FRANKFURT, FEB. 5 -- The United States and its western partners can avoid a recession if financial markets are convinced that "the United States is willing to defend its currency," central bank president Karl Otto Poehl said in an interview today.

Poehl said he believes "there is a chance" of exchange rate stability in the wake of Black Monday, both because the Oct. 19 market plunge dampened fears of inflation and because more progress than is realized has been made in reducing global trade imbalances.

But he warned that discussions such as the Washington meeting Thursday between West German Finance Minister Gerhard Stoltenberg and Treasury Secretary James A. Baker III have limited value. "I am not against close cooperation, but {these discussions} should be kept on a low-profile basis," Poehl said. "We don't want to create too many expectations."

{In Washington, Stoltenberg told reporters that the close coordination between finance ministers and central bank chiefs produced a "more promising" outlook for the world economy this year than most had thought possible in the immediate aftermath of the global market collapse. He said this coordination led to the joint statement issued just before Christmas, as well as "not secret but open market intervention in January" to stop the sharp fall of the dollar.

{As a result, he said, there is a "more stable" situation with exchange rates, the dollar has recovered some strength and there is a change in the expectations of currency traders, who had been pushing the dollar down.

{Stoltenberg said his talks this week with Baker and Federal Reserve Board Chairman Alan Greenspan "confirmed and strengthened" his conviction that Western Europe, the United States and Japan now believe in good international cooperation to get through a year "of problems and some risks" in the international economy.

{This represents a sharp change from the situation before the market crash, which was blamed in part on Baker's public criticism of West Germany's economic policies and a threat that the United States would let the value of the dollar fall, hurting Bonn's export-oriented industries, if the government refused to stimulate its economic growth. Stoltenberg said West German growth would be about 1 1/2 percent to 2 percent this year "if there is no major volatility in exchange rates."}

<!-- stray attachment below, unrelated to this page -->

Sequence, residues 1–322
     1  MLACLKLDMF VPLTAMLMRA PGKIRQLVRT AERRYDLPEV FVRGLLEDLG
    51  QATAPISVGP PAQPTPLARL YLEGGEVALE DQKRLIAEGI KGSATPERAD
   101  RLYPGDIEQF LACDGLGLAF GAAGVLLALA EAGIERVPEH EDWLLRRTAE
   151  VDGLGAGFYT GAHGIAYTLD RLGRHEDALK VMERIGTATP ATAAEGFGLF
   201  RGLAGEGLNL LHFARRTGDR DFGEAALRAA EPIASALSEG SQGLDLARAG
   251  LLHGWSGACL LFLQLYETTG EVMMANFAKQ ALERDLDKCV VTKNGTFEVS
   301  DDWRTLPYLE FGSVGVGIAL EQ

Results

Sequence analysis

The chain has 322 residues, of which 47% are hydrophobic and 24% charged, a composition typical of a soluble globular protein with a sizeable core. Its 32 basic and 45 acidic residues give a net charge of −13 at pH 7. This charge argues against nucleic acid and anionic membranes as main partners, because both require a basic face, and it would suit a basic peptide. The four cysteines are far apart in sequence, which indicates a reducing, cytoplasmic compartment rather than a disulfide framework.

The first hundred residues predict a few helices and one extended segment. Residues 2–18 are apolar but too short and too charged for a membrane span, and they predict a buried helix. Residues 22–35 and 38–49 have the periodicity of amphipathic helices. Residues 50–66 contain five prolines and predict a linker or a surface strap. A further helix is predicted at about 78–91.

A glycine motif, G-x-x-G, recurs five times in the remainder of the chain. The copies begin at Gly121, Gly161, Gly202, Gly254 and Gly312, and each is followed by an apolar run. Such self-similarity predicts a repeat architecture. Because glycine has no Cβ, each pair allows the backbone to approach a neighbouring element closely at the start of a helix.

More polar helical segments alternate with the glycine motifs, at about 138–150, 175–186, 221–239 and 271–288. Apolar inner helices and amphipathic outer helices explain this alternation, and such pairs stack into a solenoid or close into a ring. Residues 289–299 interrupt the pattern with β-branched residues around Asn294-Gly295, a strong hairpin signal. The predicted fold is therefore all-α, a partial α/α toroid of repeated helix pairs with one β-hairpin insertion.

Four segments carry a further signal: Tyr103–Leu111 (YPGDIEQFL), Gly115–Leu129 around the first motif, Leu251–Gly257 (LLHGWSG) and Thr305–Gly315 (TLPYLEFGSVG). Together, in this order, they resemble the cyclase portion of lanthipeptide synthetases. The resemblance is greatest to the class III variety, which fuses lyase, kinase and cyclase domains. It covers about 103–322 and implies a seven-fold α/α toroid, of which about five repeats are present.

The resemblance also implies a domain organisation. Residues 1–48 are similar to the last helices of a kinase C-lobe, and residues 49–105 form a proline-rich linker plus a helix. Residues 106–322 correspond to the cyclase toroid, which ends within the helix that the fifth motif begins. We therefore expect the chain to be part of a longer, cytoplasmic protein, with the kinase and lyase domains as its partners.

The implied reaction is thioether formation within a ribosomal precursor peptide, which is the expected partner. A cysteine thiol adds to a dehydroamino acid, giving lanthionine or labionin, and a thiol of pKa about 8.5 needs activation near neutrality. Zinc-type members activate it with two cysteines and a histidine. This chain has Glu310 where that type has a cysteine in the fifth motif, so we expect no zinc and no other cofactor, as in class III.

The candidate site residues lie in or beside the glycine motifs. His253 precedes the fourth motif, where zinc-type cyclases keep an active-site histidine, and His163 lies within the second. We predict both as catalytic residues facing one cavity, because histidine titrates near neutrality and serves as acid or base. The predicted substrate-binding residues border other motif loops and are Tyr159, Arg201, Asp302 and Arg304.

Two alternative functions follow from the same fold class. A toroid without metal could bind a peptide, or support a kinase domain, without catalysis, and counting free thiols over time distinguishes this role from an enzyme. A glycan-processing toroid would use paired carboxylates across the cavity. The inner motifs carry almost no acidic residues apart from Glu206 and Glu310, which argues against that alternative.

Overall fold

Poehl acknowledged that there is widespread fear in Europe of a recession this year or next, triggered by the appreciation of European currencies that will sharply reduce export-related growth. Such a prospect would be enhanced by a further decline of the dollar. "One can't predict the repercussions {of a further} sharp drop in the dollar. We saw what happened on Oct. 19. The markets are very sensitive," he said.

Although he declined to be specific on how the United States should "defend" the dollar, recent reports that the Federal Reserve might ease monetary policy clearly cause concern within the West German government.

Government sources here said they are inclined to believe the Fed might ease monetary policy, and they believe that could send the wrong signal to the markets.

Poehl would not endorse former Japanese prime minister Yasuhiro Nakasone's suggestion in Davos, Switzerland, last week that the United States bolster the dollar by issuing bonds denominated in foreign currencies, although Poehl said "that would add to the credibility" of the U.S. administration.

"I'm not sure {a foreign-denominated bond} is really necessary," he said. "The dollar is still the world's most important currency. About 80 percent of all international assets are denominated in dollars. What is necessary is to create enough confidence in financial markets to convince dollar holders and potential dollar holders to remain invested in dollars."

The implication of Poehl's comments was that American monetary policy might best be left unchanged, with administration officials exerting "leadership" in stressing a commitment to keep the dollar strong.

"I'm very positive on the prospects for the U.S. economy," Poehl said. "Things are not all bad. The United States is a very vital and dynamic economy. Its interest rates are high, and the exchange rate is now more realistic. It has enormous long-term growth potential."